Participatory rangeland management upscaling boosted by new IGAD agreement

Share this to :

On 6th October, the International Livestock Research Institute (ILRI) signed a contract agreement with the Intergovernmental Authority on Development (IGAD) to pave the way for further upscaling of participatory rangeland management (PRM) in Djibouti, Ethiopia, Eritrea, Kenya, Somalia, South Sudan, Sudan and Uganda. This core innovation of the CGIAR Research Initiative on Livestock and Climate aims to strengthen community capacities in planning, managing, and governing their rangelands more effectively.

The agreement supports the development of a field manual on PRM, which draws from the experience of PRM application in the region along with the wealth of knowledge found in the region’s rangeland experts on improved management tools and processes. To finalize the manual, the IGAD Center for Pastoral Areas and Livestock Development (ICPALD) held a regional validation workshop on 27 and 28 October 2023. The workshop brought together representatives from ministries of agriculture and livestock of IGAD member states, non-governmental organizations (NGOs), and the German development agency GIZ, which provided financial backing for the manual’s development.

The workshop also provided an opportunity for participants to enhance their understanding of the region’s specific needs for the PRM approach and to facilitate the exchange of insights on its execution. Participants reviewed the draft manual, contributing suggestions to improve its applicability and ensure it accurately reflects the varied rangeland management situations in the region. The finalized PRM manual is expected to play a crucial role in promoting the adoption of PRM practices throughout the region over the next five years.

Supporting communities to collectively manage, govern and restore their degraded lands is a key feature of PRM. Photo ILRI

PRM as a response to climate challenges and community needs

Amid increasingly severe and prolonged droughts, escalating rangeland degradation, land use conflicts, and deteriorating governance and management structures in the region, there is an urgent need to enhance the capacities of communities and relevant stakeholders to counter these challenges. PRM has emerged as an effective strategy to address these issues. Dereje Wakjira, Director of ICPALD, emphasized the significance of this approach:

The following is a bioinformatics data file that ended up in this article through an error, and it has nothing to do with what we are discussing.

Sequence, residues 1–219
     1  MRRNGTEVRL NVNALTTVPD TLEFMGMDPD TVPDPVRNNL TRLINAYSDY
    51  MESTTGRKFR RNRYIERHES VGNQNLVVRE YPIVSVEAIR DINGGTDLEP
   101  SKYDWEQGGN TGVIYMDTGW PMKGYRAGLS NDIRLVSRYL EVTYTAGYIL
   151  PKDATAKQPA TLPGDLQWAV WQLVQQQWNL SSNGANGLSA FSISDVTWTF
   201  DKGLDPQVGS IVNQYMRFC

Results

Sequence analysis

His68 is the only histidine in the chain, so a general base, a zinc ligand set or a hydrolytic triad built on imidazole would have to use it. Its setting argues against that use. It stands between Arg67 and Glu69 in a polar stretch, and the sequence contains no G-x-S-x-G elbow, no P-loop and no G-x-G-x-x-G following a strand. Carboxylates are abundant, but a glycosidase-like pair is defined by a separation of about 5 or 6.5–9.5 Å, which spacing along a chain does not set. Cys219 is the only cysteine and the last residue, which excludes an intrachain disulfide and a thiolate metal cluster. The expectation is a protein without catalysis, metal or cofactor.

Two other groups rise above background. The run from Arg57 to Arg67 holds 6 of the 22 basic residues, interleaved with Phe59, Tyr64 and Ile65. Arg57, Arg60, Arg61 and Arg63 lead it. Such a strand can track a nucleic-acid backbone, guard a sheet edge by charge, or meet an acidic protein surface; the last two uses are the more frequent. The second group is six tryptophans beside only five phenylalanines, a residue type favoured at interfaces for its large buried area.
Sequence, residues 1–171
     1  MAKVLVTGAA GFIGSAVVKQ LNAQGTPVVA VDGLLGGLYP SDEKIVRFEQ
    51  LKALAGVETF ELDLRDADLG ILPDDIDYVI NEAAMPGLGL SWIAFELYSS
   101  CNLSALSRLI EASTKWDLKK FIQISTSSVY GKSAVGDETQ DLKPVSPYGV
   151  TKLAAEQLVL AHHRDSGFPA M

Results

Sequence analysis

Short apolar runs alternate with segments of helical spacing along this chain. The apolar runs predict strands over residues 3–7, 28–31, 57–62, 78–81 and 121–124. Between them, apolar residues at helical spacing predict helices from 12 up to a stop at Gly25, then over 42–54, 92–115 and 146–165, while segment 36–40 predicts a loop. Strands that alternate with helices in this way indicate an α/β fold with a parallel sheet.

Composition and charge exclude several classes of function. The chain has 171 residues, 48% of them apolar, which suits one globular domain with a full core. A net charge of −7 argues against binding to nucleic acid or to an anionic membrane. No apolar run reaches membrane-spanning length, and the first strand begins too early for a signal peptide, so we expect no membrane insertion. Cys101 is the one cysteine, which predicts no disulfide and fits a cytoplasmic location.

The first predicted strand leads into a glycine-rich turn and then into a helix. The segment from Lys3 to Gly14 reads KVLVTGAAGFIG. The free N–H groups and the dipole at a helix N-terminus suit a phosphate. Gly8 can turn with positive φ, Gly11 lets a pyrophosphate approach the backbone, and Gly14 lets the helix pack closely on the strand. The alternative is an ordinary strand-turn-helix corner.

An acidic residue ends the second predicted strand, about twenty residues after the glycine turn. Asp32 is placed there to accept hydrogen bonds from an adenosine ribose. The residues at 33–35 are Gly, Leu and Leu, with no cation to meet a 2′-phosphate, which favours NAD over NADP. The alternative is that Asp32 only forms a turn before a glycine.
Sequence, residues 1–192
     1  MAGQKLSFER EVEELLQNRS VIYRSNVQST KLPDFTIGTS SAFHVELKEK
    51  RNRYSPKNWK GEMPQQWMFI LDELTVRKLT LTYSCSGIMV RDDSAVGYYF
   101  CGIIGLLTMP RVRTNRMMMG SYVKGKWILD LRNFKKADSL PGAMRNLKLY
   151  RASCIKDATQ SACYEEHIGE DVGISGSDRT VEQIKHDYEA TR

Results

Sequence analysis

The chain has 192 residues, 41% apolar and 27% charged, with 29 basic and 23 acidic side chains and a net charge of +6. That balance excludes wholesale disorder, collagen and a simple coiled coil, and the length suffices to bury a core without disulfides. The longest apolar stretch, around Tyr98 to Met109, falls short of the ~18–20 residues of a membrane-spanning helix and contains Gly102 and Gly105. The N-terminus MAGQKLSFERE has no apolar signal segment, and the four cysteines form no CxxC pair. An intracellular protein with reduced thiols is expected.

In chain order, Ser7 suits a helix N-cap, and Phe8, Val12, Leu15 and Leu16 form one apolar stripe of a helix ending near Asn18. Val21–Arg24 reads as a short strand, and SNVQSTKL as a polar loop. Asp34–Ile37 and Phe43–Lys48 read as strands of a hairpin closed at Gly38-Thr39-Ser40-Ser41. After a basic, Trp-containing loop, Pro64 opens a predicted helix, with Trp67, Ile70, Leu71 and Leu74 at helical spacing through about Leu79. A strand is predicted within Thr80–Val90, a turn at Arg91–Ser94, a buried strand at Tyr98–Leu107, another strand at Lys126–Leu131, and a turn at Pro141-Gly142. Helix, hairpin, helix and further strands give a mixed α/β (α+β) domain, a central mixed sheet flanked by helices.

‘IGAD aims to drive scaling up of PRM across the region because improved rangeland can contribute to a triple-win: climate change adaptation, mitigation and improved livelihoods.’

PRM’s pilot projects in Kenya and Tanzania, particularly in Baringo County, have so far yielded positive outcomes. These include improved rangeland management and governance, increased participation of women in decision-making processes, enhanced livestock productivity, and greater investment in rangeland restoration activities. This success is also highlighted by its integration into Baringo County’s Integrated Development Plan and its recent expansion into Wajir County, as part of the Accelerating Impacts of CGIAR Climate Research in Africa (AICCRA) project. This expansion has sparked growing interest from other counties in Kenya to adopt similar approaches.

ILRI and its partners are excited to be working with IGAD to scale up, refine, and tailor PRM to specific contexts. This collaboration focuses on understanding the impacts of PRM on the livelihoods and food security of livestock keepers and others, while also emphasizing its role in empowering women.

Initially launched under the CGIAR Research Program on Livestock and supported by an EU-funded bilateral project, PRM is now a key innovation of the CGIAR Research Initiative on Livestock and Climate.

Story by Fiona Flintan, Lead, CGIAR Research Initiative on Livestock and Climate

Share this to :